WEST ENGLEWOOD— More than a third of women in West Englewood and Humboldt Park have been victims of domestic violence, the highest level in the city, a survey found.
By Matt Lindner
The ubiquity and popularity of social media have made it easier for people to keep track of one another.
“Now everybody knows everybody’s family and friends,” says Barbara Helm, a safe adult advocate with domestic violence shelter and victim services provider Family Shelter Service. “Social media has become such a huge part of everybody’s life, and we have to let everybody know what we’re doing every minute of the day.”
This has presented professionals who work with victims of domestic violence with a host of opportunities and challenges.
Domestic Abuse isn’t just physical and batterers use various tactics to control their victims. Regardless of what form domestic abuse takes, it has damaging effects on the victims. The four main types of domestic abuse include physical, sexual, emotional and financial. Using these various forms at various times the abuser manipulates and controls the victim leaving the victim helpless.
Physical Abuse: Physical Abuse by definition is an act of another party involving contact intended to cause feelings of physical pain, injury or other physical suffering or bodily harm. In the case of domestic violence, it can include hitting, shoving, grabbing, shaking, burning, pulling hair, arm twisting or even assaulting the victim with a weapon. The abuser may throw objects at the victim. Physical abuse isn’t only limited to the intimate partner in cases of domestic violence. The abuser may inflict injury upon children, pets, and even family or friends of the victim.
Sexual Abuse: Sexual abuse by definition is causing another person to engage in an unwanted sexual act by force or threat. In the case of domestic violence, sexual abuse can include expecting the abuser to have sex after an abusive incident, criticizing the victim’s appearance and sexual performance, withholding sex as punishment and minimizing the partner’s needs. It can also include forcing sexual actions on the partner without consent, crossing the partner’s sexual boundaries, treating the partner as a sexual object, preventing the partner’s use of contraceptives or forcing abortion.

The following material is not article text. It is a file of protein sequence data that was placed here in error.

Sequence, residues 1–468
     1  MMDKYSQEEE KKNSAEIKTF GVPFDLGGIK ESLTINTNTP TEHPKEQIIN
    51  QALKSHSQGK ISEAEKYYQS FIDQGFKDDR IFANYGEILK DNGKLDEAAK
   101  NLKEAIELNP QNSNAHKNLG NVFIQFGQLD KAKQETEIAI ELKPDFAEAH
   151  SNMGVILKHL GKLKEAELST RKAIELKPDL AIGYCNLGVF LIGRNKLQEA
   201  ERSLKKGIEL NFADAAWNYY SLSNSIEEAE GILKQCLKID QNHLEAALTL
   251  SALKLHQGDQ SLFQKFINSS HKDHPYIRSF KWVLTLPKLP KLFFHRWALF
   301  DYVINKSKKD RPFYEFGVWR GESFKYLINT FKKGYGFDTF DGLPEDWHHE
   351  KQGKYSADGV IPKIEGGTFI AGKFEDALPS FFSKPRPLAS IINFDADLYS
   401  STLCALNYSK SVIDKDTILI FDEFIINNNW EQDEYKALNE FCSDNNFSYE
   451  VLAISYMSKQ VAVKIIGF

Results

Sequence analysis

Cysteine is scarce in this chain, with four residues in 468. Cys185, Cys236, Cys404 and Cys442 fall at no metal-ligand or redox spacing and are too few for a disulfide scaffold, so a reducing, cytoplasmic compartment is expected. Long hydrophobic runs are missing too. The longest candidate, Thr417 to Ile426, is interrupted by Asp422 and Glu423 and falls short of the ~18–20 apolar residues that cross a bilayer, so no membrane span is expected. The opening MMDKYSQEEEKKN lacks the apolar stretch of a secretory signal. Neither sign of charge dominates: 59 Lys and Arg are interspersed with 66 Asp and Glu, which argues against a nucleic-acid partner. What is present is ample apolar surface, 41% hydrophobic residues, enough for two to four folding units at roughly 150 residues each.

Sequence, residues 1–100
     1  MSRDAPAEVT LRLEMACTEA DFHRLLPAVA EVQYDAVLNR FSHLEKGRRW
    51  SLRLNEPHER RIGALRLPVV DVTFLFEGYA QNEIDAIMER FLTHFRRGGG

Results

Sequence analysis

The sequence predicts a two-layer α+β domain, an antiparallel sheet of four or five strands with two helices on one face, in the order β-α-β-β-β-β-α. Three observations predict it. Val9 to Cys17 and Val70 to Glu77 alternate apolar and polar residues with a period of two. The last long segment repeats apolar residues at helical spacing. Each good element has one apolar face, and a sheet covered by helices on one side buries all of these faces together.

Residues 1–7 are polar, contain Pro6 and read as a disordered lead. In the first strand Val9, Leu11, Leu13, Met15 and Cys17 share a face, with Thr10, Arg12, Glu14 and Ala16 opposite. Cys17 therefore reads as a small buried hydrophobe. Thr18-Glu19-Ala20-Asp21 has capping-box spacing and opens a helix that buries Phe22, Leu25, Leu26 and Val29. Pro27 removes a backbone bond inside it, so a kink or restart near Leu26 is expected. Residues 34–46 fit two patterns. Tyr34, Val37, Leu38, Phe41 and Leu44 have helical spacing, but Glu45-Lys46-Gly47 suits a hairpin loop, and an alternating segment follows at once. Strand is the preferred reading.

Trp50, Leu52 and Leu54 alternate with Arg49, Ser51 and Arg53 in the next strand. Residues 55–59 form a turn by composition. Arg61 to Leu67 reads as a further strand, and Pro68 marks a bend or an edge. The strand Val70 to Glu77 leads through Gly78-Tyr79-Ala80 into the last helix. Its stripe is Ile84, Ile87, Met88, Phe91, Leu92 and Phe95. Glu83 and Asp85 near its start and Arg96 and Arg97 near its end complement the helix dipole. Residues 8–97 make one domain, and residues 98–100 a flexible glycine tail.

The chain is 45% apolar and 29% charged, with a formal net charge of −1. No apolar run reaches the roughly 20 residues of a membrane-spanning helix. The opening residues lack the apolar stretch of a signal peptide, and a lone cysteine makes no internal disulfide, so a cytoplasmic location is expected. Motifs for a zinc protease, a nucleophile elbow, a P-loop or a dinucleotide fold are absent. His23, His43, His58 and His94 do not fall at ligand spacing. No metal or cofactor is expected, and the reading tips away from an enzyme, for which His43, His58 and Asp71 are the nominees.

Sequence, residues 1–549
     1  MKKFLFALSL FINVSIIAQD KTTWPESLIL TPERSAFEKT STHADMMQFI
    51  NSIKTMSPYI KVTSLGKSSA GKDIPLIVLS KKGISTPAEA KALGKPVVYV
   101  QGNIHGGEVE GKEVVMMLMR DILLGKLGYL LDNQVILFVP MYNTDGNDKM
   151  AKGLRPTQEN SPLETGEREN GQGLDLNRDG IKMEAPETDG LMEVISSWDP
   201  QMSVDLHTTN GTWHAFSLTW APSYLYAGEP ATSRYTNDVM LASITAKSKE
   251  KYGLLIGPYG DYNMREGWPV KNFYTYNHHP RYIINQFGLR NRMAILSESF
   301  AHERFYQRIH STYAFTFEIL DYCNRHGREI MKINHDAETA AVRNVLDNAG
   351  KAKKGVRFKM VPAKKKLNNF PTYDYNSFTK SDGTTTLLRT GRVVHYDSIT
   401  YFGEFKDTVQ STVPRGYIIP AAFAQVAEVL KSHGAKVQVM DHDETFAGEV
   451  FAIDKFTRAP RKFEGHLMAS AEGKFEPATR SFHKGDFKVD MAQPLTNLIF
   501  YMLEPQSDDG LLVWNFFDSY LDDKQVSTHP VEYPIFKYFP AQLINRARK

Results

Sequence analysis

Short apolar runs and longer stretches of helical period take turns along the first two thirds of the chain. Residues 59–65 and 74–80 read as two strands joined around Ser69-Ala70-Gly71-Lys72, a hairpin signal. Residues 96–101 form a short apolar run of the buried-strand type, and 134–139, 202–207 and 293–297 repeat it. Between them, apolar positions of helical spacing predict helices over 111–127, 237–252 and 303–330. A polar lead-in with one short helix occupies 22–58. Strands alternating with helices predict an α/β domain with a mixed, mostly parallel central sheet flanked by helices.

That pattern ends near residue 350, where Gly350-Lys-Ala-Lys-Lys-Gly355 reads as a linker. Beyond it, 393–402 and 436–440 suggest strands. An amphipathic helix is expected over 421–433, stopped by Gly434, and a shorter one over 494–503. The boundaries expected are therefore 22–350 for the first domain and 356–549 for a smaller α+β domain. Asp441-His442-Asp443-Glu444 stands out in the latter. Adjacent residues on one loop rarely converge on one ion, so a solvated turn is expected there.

Emotional Abuse: Emotional abuse by definition is any act including confinement, isolation, verbal assault, humiliation, intimidation, infantilization or any other treatment which may diminish the sense of identity, dignity and self-worth. In the case of domestic violence, emotional abuse can include insulting the victim constantly by calling them names, yelling at them, criticizing them, mocking them, humiliating them, blaming them for everything and continually threatening them.
Financial Abuse: Financial abuse by definition is when the abuser tells the victim what the victim can and cannot buy or requiring the victim to share control of her bank accounts. This may be the case in domestic violence situations, however there is more that takes place. The victim becomes very financially dependent on her abuser. The abuser tends to stop her from working or getting an education or jeopardizes the partner’s employment through manipulative tactics. The abuser may also take away credit cards, money or checkbooks, giving them very limited allowance. The abuser may also the victim accountable for every penny spent.
Too often when people think of domestic abuse, an image of the abuser battering the victims comes in their heads. However, domestic abuse is much more complicated and it entails other types of abuse which leave the victims feeling helpless and alone. Using knowledge, and understanding just how complicated domestic violence can be, is the very first step to helping those in need.
Too often when it comes to Domestic Violence victims, we very quickly ask “Why don’t you leave?” or “How can you let him treat you like that?” The answer to that question isn’t so simple! Rather, whether you mean it or not, it almost implies that you’re blaming the victim for all that they’re going through.
For most people it’s hard to wrap their head around why a woman continues to live in such a situation. Unfortunately, there are many financial and emotional forces that may keep the woman tied to her abuser. Leaving becomes a much more complicated process rather than a simple walk out the door, as most of us imagine. Here are some of the more common reasons as to why a woman may feel compelled to stay with her abuser: